TurkoTek Discussion Boards

Subject  :  Summary
Author  :  Robert Torchia
Date  :  03-26-2000 on 09:43 a.m.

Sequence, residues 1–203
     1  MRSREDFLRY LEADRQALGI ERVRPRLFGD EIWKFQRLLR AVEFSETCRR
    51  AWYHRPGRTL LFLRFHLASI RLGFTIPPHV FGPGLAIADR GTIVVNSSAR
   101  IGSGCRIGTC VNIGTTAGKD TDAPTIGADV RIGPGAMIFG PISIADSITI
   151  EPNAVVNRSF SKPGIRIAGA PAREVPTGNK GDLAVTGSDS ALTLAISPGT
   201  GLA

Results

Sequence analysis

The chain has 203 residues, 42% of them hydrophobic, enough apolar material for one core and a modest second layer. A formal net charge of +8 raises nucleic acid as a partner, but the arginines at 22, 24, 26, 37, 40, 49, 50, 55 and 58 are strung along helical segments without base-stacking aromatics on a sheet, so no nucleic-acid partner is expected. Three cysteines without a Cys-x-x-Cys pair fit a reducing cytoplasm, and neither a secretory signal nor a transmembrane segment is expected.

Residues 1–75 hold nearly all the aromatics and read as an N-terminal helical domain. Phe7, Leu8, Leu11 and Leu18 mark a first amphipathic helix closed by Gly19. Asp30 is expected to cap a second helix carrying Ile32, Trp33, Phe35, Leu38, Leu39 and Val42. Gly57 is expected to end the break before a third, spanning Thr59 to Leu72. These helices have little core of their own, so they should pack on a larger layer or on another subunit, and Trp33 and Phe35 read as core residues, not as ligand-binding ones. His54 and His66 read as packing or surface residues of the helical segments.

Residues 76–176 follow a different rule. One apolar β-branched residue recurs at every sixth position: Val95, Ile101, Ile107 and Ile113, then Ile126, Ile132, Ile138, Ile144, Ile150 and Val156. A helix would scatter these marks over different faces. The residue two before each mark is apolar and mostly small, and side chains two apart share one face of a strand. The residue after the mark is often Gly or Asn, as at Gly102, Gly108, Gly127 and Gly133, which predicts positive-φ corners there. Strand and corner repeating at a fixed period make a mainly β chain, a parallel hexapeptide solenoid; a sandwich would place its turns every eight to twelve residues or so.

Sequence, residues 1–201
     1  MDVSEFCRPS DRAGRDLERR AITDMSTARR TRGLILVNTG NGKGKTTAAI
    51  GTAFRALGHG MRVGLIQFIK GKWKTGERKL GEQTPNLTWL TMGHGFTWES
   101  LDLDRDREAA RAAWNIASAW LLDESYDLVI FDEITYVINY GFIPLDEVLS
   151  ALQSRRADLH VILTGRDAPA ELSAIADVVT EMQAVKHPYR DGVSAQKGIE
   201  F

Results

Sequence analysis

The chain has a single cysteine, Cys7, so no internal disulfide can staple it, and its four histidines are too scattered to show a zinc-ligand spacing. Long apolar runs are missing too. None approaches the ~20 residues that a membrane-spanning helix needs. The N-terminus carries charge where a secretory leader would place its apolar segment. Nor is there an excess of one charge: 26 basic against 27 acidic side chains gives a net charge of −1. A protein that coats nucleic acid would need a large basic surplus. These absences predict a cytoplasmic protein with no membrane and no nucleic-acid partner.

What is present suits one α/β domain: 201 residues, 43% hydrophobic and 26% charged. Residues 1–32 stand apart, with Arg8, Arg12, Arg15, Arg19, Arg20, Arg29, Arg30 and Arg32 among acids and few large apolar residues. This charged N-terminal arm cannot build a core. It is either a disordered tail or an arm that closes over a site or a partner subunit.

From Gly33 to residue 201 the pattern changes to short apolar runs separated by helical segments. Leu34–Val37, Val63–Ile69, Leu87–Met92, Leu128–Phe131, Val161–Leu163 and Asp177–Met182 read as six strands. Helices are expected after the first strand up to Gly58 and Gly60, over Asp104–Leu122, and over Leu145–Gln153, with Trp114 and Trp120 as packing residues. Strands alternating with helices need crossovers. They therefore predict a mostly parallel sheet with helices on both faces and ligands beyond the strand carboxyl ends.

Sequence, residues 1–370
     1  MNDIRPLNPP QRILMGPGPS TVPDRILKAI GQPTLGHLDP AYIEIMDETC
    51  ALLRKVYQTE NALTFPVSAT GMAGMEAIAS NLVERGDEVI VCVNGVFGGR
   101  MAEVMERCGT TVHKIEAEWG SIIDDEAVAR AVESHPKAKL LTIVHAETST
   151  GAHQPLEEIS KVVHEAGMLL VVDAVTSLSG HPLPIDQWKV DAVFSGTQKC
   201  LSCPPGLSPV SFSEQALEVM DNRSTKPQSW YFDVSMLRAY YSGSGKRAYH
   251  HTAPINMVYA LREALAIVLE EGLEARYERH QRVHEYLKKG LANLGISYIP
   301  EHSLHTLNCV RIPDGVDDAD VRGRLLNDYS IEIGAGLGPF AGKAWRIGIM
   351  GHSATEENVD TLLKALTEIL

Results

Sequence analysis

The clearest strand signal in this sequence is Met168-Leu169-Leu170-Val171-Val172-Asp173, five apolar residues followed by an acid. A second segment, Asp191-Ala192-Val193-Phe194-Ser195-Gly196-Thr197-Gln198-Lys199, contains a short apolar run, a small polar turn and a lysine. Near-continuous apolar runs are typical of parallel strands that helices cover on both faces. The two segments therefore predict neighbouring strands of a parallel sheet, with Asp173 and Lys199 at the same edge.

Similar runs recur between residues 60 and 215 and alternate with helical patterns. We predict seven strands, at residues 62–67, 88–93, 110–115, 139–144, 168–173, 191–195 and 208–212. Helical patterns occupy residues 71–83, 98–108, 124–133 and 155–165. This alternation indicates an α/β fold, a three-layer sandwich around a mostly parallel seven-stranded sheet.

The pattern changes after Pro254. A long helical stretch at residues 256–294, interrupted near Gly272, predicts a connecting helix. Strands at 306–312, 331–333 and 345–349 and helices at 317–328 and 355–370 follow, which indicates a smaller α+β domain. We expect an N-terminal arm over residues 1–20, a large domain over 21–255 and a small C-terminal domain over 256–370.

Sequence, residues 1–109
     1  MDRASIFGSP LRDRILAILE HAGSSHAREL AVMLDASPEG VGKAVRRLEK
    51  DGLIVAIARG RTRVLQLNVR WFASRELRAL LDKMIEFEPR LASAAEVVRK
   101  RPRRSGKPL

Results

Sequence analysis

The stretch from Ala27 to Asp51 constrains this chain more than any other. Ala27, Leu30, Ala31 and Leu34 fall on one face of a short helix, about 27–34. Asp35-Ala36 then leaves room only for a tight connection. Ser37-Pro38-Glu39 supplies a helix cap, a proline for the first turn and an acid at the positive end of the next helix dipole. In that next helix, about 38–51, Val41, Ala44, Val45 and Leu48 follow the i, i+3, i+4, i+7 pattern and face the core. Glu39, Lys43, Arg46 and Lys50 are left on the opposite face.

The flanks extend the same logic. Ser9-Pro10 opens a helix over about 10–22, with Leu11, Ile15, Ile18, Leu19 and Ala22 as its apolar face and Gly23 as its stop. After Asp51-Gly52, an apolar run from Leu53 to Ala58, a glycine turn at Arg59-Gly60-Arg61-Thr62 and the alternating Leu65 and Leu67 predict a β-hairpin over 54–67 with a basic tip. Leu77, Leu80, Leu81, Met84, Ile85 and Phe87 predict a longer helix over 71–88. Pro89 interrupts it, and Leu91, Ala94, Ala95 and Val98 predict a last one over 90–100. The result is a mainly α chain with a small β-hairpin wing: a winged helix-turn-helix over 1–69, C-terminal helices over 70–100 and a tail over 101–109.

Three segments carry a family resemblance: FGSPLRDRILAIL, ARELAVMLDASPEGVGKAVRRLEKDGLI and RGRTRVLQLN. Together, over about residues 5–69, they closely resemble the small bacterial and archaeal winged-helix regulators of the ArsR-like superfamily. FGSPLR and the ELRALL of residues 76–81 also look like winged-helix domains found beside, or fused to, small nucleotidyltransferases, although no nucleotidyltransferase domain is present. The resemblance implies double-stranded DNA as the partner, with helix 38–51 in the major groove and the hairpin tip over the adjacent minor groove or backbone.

Ladies and Gentlemen: Here are a few words to sum up the most significant points that arose during our discussion of Karapinar kilims. Daniel Deschuyteneer noted that a related example of the type is illustrated in Harry Koll's Kultkelim: ausgewahlte anatolische Flachgewebe (1999), plate 14. Herr Koll informed us in person that an English translation of this very worthwhile book is now available in pamphlet from, and added some general comments on the kilims attributed to Karapinar. Thanks to Guido Imbimbo for drawing our attention to a related fragment that was illustrated Hali 30, p. 15, when it was exhibited in Vienna in the spring of 1986. Hats off to Daniel for noticing an unusual structural similarity that further strengthens the relationship between my kilim and the Vakiflar example; certainly it is reasonable to suggest that the two pieces may have been woven by the same tribe, and, to be a little more adventurous, by the same individuals. Michael Wendorf raised the old formalist issue that the medium dictates form by noting that the use of serrated or saw-toothed medallions is one of the most ubiquitous of all slit-tapestry designs. In his words, the design format is "a manifestation of structure driving design and a reflection of weavers in various places and times confronting and solving the limitations of that structure in similar and expected ways." Consequently he rejected the idea that the kilim medallions are derived from Ushak pile rugs, and rejected any interpretation of them based on the Jungian collective world consciousness theory. This led to an informative tangent devoted to the relationship between Anatolian kilims and Navaho rug designs, where the serrated medallion is a common motif. The former influenced the latter at a very late date, so this phenomenon cannot be ascribed to cultural transmission. Being professionally trained in the methodology of iconography, I cannot resist the urge to interpret the symbolic content of visual imagery. There are numerous basic kilim designs, and it is very unlikely that they signified nothing to their creators. Picking up on a point made by John Howe, Michael discerned "that part of the problem in talking about and understanding kilims and their designs is the lack of consistency or uniformity in describing them." I had variously described the devices alternately as four multilayered diamond shaped saw-toothed medallions, medallions composed of a central polygon surrounded by four large concentric layers, serrated medallions and serrated rhomboidal medallions. In order to simplify the nomenclature, we settled on the term serrated. If I had to revise this essay, I would footnote all of the various descriptions that are used in the literature and then settle on that adjective. In a similar vein, Patrick Weiler, followed by Kenneth Thompson, discussed the propriety of using of the term baklava. Kenneth stated that in modern Turkish it is a the generic word used to describe any diamond lozenge shape. Patrick advocated the idea that the serrated medallions represent the astrological phenomenon of a super nova, and I do not find that suggestion to be in the least outlandish. I objectively like to eat baklava, and the kilim reminds me, however subjectively, of a starburst. Michael opened the proverbial can of worms with his observation that I had consistently discussed the serrated medallions as being arranged side-by-side on a horizontal axis, and objected that such an approach "necessarily rotates the kilim 90 degrees from the way it was woven on the loom." True, I have always thought of my kilim as being designed to be seen on a primarily horizontal axis, like a saf. I quibbled with Michael concerning his contention that the perspective from which a weaver or artist creates need not be the primary vantage point. (For example, if a weaver follows the common Anatolian practice of making kilims in separate halves that she later plans to join together, does that mean that we ought primarily consider one half at a time?) Marla Mallett entered the discussion by citing the various ways kilims are used and seen by their nomadic creators. Evidently this is one of those issues that is open to intense debate, and unless we can obtain first hand testimony from a long deceased weaver, it is unlikely to be resolved conclusively. The fact that we can't even reach a consensus on whether kilim compositions should be seen from a primarily or vertical axis shows how little we know. Was this ever an issue for the weavers? This train of thought led to a discussion concerning the desirability and feasibility of hanging kilims horizontally, to which Marla contributed greatly. I am still hanging my kilim horizontally, although with some new reservations. These are all academic considerations, the source for much verbal fodder as we have seen. You are all familiar with the immense sense of enrichment that can be derived from a favorite weaving. Such things can very materially improve an existence that, as Hobbes said, is "nasty, brutish, and short." I sincerely hope that in looking at my kilim, along with its relatives, you have felt one-twentieth of the enjoyment I feel every day. Thanks to Steve Price for rotating these scans that fateful 90 degrees (the deed will forever live in infamy), to R. John Howe for inviting me to participate, and to each and every one of you for contributing. RWT

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